For sale, a scarce miniature pocket watch version of Biram’s patent anemometer by Wood of Liverpool.
The instrument is contained within a pocket watch sized plated case with a hinged opening front and back. The front face has a central hole cut out in order that the dial face can protrude through. The main and secondary dial measuring air velocity in feet it is engraved with Biram’s Anemometer to the top with Serial No: 404 and then signed below to Wood Liverpool.
In the open position, the case reveals a frame surrounding the central dial with eight miniature fan blades which operate when presented against the airflow. The movement of these blades remains extremely sensitive and will move at the slightest notice.
Invented and patented in 1842, the Biram’s pattern anemometer was primarily for use in the mining industry. Benjamin Biram was steward and colliery engineer to Earl Fitzwilliam and paid particularly close attention to clean airflow through the mines for the continued health of the miners. His invention gained wide appeal and continued to be replicated into the Twentieth Century.
The retailers of this fine instrument were George Smart Wood and John Wood (successor to his Father) both opticians and scientific instrument makers. The company history began with the Wood Brothers (Edward, Henry & George) who originated in London and are likely to have worked with one another from premises in King Street and Shepperton Street, London from 1833 to 1843 mainly supplying the trade with finished instrument parts for the trade.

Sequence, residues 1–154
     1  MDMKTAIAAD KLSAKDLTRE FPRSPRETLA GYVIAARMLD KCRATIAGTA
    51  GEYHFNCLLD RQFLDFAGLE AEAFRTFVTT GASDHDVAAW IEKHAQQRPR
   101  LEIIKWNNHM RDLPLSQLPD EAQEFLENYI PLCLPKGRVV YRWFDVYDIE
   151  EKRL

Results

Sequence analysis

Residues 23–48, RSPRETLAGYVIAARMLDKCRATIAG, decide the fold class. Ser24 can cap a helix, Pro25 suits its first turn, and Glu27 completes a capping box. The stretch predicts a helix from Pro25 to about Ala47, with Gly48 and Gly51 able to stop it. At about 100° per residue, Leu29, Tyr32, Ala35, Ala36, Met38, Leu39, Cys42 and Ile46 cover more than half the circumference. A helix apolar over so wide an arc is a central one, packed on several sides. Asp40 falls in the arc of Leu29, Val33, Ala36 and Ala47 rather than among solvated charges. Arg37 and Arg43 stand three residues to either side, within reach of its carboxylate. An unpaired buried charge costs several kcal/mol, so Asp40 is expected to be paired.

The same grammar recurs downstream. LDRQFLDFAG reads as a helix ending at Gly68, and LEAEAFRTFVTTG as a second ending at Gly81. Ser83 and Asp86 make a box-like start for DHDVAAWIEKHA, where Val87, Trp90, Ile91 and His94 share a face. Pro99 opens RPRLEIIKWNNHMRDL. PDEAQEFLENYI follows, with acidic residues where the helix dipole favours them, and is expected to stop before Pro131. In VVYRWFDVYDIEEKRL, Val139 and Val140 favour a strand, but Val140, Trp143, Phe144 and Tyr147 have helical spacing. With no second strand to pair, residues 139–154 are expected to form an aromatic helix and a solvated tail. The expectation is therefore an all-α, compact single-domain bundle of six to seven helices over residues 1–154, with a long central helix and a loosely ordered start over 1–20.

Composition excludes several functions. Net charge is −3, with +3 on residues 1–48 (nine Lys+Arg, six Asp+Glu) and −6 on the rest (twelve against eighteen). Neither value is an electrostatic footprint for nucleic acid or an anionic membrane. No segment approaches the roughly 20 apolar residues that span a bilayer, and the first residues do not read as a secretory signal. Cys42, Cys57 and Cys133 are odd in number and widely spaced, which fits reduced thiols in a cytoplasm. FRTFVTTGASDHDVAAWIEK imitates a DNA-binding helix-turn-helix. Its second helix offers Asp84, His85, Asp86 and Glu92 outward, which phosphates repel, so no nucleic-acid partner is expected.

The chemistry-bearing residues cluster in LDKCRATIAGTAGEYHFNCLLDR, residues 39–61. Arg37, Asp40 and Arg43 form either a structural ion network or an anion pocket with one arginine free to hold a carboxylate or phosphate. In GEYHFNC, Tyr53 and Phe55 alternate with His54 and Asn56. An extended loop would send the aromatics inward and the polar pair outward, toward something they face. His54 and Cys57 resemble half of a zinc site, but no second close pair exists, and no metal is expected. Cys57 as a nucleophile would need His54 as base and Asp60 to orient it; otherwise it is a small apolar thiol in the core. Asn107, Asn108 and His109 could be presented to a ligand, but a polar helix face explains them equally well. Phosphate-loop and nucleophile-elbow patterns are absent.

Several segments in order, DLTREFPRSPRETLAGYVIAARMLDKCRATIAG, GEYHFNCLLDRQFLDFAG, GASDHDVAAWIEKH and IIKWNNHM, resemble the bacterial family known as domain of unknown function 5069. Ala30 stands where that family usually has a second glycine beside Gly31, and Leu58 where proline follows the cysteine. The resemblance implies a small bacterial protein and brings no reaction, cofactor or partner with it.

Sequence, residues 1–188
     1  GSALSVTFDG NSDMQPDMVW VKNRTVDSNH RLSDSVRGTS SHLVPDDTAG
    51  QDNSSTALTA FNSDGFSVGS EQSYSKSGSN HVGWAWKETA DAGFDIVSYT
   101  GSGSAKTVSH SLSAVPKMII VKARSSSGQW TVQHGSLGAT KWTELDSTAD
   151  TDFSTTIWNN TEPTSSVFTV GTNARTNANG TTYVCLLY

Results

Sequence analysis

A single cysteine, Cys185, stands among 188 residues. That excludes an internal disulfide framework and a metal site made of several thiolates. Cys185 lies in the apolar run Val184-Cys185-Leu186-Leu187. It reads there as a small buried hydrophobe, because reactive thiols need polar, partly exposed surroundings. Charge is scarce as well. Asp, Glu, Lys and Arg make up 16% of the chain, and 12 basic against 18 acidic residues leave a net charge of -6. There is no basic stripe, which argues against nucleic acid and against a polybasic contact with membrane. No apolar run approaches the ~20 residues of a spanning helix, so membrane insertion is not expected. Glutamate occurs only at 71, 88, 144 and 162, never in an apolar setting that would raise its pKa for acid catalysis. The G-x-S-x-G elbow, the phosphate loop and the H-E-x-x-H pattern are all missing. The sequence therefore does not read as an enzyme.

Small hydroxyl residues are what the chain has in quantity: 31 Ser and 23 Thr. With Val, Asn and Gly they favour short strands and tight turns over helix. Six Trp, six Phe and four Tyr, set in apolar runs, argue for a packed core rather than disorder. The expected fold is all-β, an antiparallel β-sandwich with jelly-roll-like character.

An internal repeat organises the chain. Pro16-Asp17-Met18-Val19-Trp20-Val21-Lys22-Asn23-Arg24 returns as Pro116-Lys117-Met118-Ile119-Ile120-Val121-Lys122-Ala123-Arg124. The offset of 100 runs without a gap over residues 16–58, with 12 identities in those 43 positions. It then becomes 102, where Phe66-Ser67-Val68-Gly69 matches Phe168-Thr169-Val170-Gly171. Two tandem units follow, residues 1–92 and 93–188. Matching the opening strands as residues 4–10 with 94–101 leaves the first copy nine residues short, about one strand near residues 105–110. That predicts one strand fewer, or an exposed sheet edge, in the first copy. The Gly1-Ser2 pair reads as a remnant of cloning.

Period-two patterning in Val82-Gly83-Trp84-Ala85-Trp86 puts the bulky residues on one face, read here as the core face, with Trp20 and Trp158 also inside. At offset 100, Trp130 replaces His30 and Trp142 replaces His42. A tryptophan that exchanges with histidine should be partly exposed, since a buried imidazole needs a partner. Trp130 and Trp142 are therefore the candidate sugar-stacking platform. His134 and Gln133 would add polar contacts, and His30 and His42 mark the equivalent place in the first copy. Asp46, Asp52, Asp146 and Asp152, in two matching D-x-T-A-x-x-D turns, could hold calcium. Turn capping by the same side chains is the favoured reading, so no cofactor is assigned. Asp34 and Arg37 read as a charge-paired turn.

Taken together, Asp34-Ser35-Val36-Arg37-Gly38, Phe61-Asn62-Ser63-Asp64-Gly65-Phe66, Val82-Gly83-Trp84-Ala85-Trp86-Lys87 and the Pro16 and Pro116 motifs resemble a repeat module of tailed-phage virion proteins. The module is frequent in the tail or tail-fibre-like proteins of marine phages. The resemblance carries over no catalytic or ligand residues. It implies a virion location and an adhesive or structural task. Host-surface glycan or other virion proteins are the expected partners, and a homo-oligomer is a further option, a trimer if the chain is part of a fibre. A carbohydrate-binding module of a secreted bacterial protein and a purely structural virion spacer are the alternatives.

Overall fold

The following year, 1884, George’s eldest brother left to form a partnership which became Horne, Thornwaite & Wood (latterly Horne & Thronwaite). The move and break up of the family business is likely to have been for the catalyst for George’s move to Liverpool.
The date of George’s transfer is uncertain but it is likely that he initially worked for Abraham Abraham (of Abraham & Co) in Liverpool before he eventually went into partnership with him in 1849. To give a sense of their success, the company presented their work at The Great Exhibition shortly afterwards in 1851 but just four years later, Abraham retired, whereafter Wood continued to trade under the original name of Abraham & Co at 20 Lord Street Liverpool.
In similarity to his brother EG Wood, George seems to have been a shrewd business man, primarily acting as an optician. When he died in 1881, his son John took control of the business opening a secondary branch in Manchester in 1900 under the name of Wood Abraham.
John eventually died in 1918 but the business continued up to the 1940’s.
This instrument is somewhat hard to date but is likely to have been retailed between 1870 and 1880. The name of Wood engraved to the front is somewhat unusual given that the company mostly traded under the name Abraham & Co or Wood Abraham throughout its history. A few extant instruments exist with GS Wood (Late Abraham) which date to around the 1870’s so it is likely that this anemometer was manufactured during this period.Crica 1875.